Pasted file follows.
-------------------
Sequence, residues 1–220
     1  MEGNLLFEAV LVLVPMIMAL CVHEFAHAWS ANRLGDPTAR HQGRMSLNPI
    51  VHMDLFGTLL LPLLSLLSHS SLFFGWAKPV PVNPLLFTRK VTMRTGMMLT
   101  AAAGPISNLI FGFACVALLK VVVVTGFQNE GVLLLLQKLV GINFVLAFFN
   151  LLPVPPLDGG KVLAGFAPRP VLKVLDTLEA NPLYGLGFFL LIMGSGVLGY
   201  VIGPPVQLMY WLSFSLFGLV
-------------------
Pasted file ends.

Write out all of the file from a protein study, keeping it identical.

Sequence, residues 1–220
     1  MEGNLLFEAV LVLVPMIMAL CVHEFAHAWS ANRLGDPTAR HQGRMSLNPI
    51  VHMDLFGTLL LPLLSLLSHS SLFFGWAKPV PVNPLLFTRK VTMRTGMMLT
   101  AAAGPISNLI FGFACVALLK VVVVTGFQNE GVLLLLQKLV GINFVLAFFN
   151  LLPVPPLDGG KVLAGFAPRP VLKVLDTLEA NPLYGLGFFL LIMGSGVLGY
   201  VIGPPVQLMY WLSFSLFGLV